Well, I think that’s critically important that we make it easy for employers to bring this philosophy inside their organization. Because everybody’s busy, everybody’s got workloads that they feel stretched or, or perhaps overwhelmed at times. And so we have to, we have to provide tools and resources that are easy to use and proven out. Because I think the challenge I tend to find is that there’s, there’s this fear in large organizations that if they make a bad decision, or if something doesn’t go perfectly well, that that it’s going to impact their own job. And it’s easier to just stifle innovation and say, No, right? That’s the easy decision. No, we’re not going to innovate Charlotte, we’re going to do something else, right? Because this is scary. But I think what I’m hearing from you is, you don’t really have to be afraid anymore. This is something that we can work together on, we can build an inclusive environment, the tools are there, the resources are there.
Charlotte Dales 24:01
Exactly. And the adoption is there from the, from the top. So you know, one of the earliest things that we saw when we’re starting to work with companies was we needed to help, you know, our points of contact, get higher level support for this so that they can actually, you know, push people to engage with our platform to understand why it’s important. And to prioritize it, given everything else they’re they’re doing in a day. I mean, recruitment is a very it’s very scientific, it’s very, like we need to be able to click through this many resumes and assess this many people and it’s, you have these large organizations who are hiring 1000s and 1000s of people a year they can’t be it has to be efficient. And so, you know, a lot of though the a lot of the processes and technologies that companies have adopted to be more efficient, have unfortunately, screened out and made it adverse harder for diverse candidates to get in. And so it’s kind of untangling a lot of that creating efficient process and keeping it efficient, but maybe different than before. So that it’s actually inclusive of being able to, to, you know, allowing the, the full demographics of your pipeline.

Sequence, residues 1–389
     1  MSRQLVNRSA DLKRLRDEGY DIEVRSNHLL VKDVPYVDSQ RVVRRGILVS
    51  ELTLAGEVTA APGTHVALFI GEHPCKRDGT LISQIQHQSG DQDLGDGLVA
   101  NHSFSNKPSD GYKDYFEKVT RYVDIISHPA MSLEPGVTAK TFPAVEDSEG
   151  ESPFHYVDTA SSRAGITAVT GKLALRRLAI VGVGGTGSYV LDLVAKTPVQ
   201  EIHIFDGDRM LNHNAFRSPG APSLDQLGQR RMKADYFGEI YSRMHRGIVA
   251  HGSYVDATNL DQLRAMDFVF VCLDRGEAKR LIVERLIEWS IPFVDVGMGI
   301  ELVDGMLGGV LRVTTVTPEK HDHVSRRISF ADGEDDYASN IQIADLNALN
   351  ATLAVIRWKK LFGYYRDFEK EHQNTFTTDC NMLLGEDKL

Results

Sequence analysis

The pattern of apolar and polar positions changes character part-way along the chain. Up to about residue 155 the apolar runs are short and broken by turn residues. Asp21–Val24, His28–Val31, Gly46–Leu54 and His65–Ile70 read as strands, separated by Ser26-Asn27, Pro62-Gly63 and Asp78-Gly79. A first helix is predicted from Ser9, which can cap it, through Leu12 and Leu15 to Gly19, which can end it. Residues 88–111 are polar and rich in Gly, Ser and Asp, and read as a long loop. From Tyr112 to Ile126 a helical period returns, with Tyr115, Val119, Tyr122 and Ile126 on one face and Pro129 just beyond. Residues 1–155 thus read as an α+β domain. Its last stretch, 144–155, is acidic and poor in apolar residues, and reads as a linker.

Tom Finn 25:21
We always say don’t blame the person blame the process. Right. And I think that’s what I’m hearing you say is, it may not be the HR leader, talent leaders preference, but there’s a process in place that they’re dealing with that exists, and figuring out as you said, How to untangle it, right, and, and build a different process that allows for those with disabilities of any type, or those in marginalized groups to be supported through a process. I think it’s so critically important in today’s day and age, I mean, it’s just, it baffles the mind, right? If people aren’t doing this type of work.
Charlotte Dales 25:58
And I think it’s just, you know, really shifting from focusing on learning management systems and annual trainings to learning experiences. So one of the things that we do is attach to every single resume, we have the accommodations, so that anybody who picks up one of our resumes is being exposed to someone has asked for these accommodations and the micro training around those accommodations. So, you know, how do you provide it? What does it mean, who often asked for it, just quick information so that anybody can, you know, learn on the go and a relevant and timely way to someone they’re about to meet, versus relying on a diversity training that maybe happened six months ago, that’s going to be very hard to call upon, once you’re sort of actually in the moment.
Tom Finn 26:50
So is that how you scale this across an organization is the tools are built in. So if you’re a manager in Seattle, or the Europe, a leader in New York or Dallas, it doesn’t really matter where you are around the world, you’ve got access to see what the accommodations are, and what you might need to be doing to support this employee.
Charlotte Dales 27:10
Exactly. And you can also see, we are able to read the job description and and apply what accommodations we believe you should be able to make for that position. So creating, you know, the ADA was written a long time ago. And it’s it’s all centered around this idea of reasonable accommodation. Reasonable is very subjective. And at this day and age, when they have data science roles at every single company, a data scientist at pretty much every single company should be able to have the same accommodation. So this is what I mean by us applying this like structure and uniformity, so that there becomes a best best practice around this. And it can be proactive, and it can be efficient, and it can be scalable. And it doesn’t have to be, you know, reactive and a case by case basis and ultimately slow down your recruiting process.
Tom Finn 28:00
Yeah, I think the work you’re doing is is fabulous. I think it’s needed and important in the world today. But we are talking today, and connecting while you’re sitting in what looks like a bar. And there seems to be a bar behind you. For those that are not watching this on video and are listening to our podcast. It is a very elegant bar that Charlotte seems to be sitting in front of where are we talking today?
Charlotte Dales 28:29
We’re in my house and you know, running a startup’s pretty hard. So I need some easy access. Just a pain reliever when I need it. But actually, this room is the only room that has normal lighting in my house, I think I need to invest in some type of lighting situation. Because yes, the bar is probably appropriate for this conversation. But you know, not every sales call should have a bar in the background.
Tom Finn 29:00